Wednesday, March 9, 2011

Whole Wheat Cinnamon Raisin Bread

This is like a for-real bread recipe, yeast and everything.  It's delicious and surprisingly easy to make.  It does take a lot of steps, so you need to devote an afternoon to it, but 3-4 hours is just rising time.  And, there's no kneading!

This recipe comes from in the January/February 2011 issue of Food Network Magazine and is crafted by their resident healthy cook, Ellie Krieger.  The recipe uses whole wheat flour and honey which cuts down on calories but it still has a wonderful flavor and a subtle sweetness, enhanced by the raisins and aided by the cinnamon.  To be honest, I only decided to make this recipe because I have a huge bag of raisins that I wanted to use up.  The recipe only calls for 2/3 cup of raisins, which I increased to a cup. (I'm going to have to make a lot more loaves to finish my bag.)  This recipe would also be awesome without the raisins, just as a cinnamon bread.  I would add some cinnamon with the dough and then pile it on when you roll it up.

Finally, I've never actually measured my bread pans.  Turns out one is 9 x 6 inches and the other is 9 x 4 inches.  The recipe calls for two 9 x 5 inch pans.  So I divided the dough accordingly and got two slightly different sized loaves.  It didn't vary the baking time or end product.

Whole Wheat Cinnamon Raisin Bread


2 cups bread flour, plus more for dusting
2 cups whole wheat flour
1/4 cup nonfat dry milk
1 egg
2 Tablespoons canola oil, plus more for brushing
3 Tablespoons honey
2 teaspoons salt
1 1/2 teaspoons instant dry yeast (Note: Surprise--one of those little packets of yeast is more than 1 1/2 teaspoons.  Make sure you measure it out!)
2/3 - 1 cup raisins
1 Tablespoon plus 1 teaspoon cinnamon (I didn't actually measure this--I just shook, a lot, from the jar)
1/3 cup packed brown sugar

To make the dough, measure out 1 1/4 cups very warm water.  It's important to check the temperature; it should read between 120-130 degrees F (for the yeast to do its thing).  In the bowl of your stand mixer, combine both flours, dry milk, egg, canola oil, honey, salt, yeast and warm water using the dough hook.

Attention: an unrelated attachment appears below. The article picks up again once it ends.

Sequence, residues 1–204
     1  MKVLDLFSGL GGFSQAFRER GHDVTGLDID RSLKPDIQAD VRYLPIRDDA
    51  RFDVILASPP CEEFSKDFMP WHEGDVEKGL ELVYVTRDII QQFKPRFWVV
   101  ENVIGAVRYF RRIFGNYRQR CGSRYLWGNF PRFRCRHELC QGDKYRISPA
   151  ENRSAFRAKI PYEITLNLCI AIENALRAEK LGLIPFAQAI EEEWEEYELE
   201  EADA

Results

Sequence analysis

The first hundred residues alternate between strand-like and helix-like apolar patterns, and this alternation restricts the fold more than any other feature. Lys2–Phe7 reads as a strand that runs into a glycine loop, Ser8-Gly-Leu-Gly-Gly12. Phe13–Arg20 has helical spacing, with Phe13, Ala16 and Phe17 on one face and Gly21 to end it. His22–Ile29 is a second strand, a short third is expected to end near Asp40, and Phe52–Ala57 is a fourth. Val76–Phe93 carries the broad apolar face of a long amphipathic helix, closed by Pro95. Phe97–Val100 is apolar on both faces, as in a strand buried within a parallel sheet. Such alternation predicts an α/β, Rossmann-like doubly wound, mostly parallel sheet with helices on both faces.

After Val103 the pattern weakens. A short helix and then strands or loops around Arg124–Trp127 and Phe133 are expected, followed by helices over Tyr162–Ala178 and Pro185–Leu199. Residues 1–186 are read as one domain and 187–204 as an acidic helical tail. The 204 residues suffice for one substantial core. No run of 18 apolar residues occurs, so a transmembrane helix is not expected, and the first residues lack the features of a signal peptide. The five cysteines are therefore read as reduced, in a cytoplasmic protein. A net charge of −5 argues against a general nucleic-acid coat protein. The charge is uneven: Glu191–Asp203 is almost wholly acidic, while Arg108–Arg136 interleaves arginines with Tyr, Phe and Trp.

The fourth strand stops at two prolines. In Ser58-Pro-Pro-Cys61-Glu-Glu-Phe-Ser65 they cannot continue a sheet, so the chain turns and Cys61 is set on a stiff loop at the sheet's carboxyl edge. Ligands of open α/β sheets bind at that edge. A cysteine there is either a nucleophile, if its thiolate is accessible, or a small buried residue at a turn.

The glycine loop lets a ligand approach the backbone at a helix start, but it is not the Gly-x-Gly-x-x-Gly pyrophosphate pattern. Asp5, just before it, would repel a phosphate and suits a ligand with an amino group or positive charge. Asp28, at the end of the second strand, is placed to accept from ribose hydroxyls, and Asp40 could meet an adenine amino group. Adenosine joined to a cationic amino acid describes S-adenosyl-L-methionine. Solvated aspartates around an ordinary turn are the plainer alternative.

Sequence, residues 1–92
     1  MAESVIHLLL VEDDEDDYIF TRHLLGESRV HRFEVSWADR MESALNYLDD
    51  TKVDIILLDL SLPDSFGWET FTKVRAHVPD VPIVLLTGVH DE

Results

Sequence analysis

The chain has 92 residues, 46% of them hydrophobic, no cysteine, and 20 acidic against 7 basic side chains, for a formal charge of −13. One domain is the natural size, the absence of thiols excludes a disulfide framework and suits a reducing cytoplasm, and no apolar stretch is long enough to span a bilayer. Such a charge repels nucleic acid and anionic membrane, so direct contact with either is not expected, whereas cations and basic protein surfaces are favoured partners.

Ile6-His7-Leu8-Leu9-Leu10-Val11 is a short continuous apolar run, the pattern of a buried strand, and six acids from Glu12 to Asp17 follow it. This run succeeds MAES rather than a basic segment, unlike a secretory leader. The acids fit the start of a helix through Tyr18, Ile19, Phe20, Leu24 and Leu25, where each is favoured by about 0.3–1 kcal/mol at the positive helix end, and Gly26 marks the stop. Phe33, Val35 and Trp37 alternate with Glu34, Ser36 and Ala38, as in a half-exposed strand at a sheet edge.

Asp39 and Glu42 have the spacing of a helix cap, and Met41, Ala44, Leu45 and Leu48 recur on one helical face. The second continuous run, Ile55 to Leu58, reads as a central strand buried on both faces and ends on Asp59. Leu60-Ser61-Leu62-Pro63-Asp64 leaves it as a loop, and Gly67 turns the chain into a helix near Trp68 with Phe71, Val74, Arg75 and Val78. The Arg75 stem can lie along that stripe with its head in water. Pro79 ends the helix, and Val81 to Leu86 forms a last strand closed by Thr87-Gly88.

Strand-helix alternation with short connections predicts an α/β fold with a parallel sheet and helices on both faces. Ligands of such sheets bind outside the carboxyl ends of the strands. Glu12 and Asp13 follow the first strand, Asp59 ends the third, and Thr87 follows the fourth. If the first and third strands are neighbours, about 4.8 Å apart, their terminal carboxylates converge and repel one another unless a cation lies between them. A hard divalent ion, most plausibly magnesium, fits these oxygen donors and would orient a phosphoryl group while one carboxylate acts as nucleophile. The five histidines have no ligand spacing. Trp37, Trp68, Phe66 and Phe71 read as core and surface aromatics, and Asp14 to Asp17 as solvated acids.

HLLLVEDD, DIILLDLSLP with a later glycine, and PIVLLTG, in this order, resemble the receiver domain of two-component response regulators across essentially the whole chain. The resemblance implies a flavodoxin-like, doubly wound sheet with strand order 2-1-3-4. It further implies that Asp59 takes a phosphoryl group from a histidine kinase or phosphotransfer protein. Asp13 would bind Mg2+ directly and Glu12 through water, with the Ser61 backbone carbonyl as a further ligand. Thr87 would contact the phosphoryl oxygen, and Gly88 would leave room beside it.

Mix for 3 minutes on the lowest setting, then increase to the next setting and mix 3 more minutes.  You'll have a soft and sticky dough.

Spray a large bowl with cooking spray and transfer dough to bowl.  Cover tightly with plastic wrap and let it rise at room temperature until the dough has nearly doubled in size, about 1 hour and 30 minutes. 


During the last 30 minutes of your dough rising, soak your raisins in boiling water.  Otherwise, the raisins will pull moisture from your bread and cause it to dry out.  Put the raisins in a bowl, cover completely with boiling water and soak until they plump.  It takes about 30 minutes.  I forgot to do this step, so I let my dough rise for a total of 2 hours while I rehydrated the raisins.  Drain and pat dry.


Transfer dough to a floured work surface.  Picture it as a loose square.  Lift up one side of the dough and fold about one-third of it across; press down on the dough with spread fingers to remove any air bubbles.  Repeat with remaining three sides of dough.

Mist two 9 x 5 inch bread pans with cooking spray.  (Or in my case, a 9 x 4 and a 9 x 5.)

Dive the dough in half and roll out each half into an 8 x 8 inch square. (no joke--I can roll bread dough into a square!  Must try tactic in rolling cookie dough!) 

Brush each square with canola oil, then sprinkle with the cinnamon, brown sugar and raisins.

Roll up each square of dough into a tight cylinder.

Place seam-side down in the prepared pans.  Cover tightly with plastic wrap and let rise at room temperature until the dough fills the pans and springs back with touched; abut 1 hour and 30 minutes.

Brush loaves with canola oil and bake in an oven preheated to 375 degrees F until golden brown, about 25-30 minutes. 

Remove from pans and transfer to rack to cool completely.

Makes 2 loaves.

Happy Baking,
The Cookie Princess

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